October 16, 2014

WOTUS would harm Nebraska agriculture


ditchThe impact of EPA’s proposed “Waters of the U.S.” rule would be “significant” and “cause cost increases, confusion and uncertainty to agricultural producers” according to a new analysis conducted by the former director of Nebraska’s Department of Environmental Quality (NDEQ), Mike Linder. Agriculture members of the Common Sense Nebraska coalition chartered the analysis to evaluate Nebraska specific impacts of the EPA’s proposed “Waters” rule on farmers and ranchers, said Steve Nelson, president of the Nebraska Farm Bureau Federation, Oct. 14.

The rule is based in an attempt by EPA to fix a wetlands permitting program which is cumbersome and lengthy. But, in the process, the proposed rule creates problems in other areas of the Clean Water Act (CWA). The analysis verifies concerns by agriculture groups that EPA’s rule would create broad reaching federal jurisdictional authority for the agency to regulate Nebraska waterways and water features.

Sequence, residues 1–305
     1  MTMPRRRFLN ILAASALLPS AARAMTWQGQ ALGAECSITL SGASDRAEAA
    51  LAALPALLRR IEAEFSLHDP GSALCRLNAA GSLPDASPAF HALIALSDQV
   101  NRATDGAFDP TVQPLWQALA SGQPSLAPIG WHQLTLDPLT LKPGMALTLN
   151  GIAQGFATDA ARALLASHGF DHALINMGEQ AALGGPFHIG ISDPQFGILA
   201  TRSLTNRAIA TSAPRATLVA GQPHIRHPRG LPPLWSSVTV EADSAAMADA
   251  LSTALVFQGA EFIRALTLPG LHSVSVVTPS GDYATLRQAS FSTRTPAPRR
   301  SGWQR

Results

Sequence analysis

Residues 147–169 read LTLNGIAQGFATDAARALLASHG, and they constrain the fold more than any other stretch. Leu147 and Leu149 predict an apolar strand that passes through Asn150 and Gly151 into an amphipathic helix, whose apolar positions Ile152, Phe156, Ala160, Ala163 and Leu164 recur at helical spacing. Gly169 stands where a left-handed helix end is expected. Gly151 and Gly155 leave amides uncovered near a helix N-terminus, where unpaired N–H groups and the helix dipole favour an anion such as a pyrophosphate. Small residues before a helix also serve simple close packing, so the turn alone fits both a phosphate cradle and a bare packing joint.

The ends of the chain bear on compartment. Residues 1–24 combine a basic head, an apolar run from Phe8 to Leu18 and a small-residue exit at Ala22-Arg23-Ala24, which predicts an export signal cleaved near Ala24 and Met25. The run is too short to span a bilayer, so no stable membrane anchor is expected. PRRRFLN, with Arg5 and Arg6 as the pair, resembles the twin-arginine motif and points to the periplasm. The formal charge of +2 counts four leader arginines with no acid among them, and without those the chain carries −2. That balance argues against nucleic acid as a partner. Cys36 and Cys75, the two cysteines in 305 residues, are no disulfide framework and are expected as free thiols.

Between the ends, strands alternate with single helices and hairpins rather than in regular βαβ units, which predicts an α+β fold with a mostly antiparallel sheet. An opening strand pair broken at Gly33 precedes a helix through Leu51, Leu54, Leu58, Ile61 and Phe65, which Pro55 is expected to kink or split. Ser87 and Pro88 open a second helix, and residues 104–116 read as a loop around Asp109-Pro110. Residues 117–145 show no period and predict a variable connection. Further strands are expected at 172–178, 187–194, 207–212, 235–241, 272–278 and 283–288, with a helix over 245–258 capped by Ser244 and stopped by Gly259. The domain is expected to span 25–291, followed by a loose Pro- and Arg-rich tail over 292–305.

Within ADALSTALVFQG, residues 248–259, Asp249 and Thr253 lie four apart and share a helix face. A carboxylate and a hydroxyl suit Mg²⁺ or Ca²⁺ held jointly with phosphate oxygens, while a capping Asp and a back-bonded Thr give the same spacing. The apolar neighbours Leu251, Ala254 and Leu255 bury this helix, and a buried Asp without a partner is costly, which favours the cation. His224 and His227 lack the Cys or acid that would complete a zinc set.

“Nebraska is comprised of over 77,000 square miles of area with over 92 percent of that area used for agricultural purposes. There are an infinite number of scenarios that call for good judgment in determining whether or not a particular water body is or should be subject to federal CWA jurisdiction. This rule would impose a blanket jurisdictional determination over thousands of acres of private property. The effect would be to impose unnecessary property restrictions and uncertainty as to what that actually means to a farmer or rancher,” Linder wrote.

“The State of Nebraska has developed a surface water discharge permitting system that is now built on forty years of implementation. EPA’s rule was intended to fix one problem. However, the solution they’ve offered will cause many more,” wrote Linder.

Of additional concern to Nebraska are the rule’s possible impacts on the regulation of groundwater.

Continue reading and listen to an audio report from Linder here.

Comment letter from Linder can be found here.

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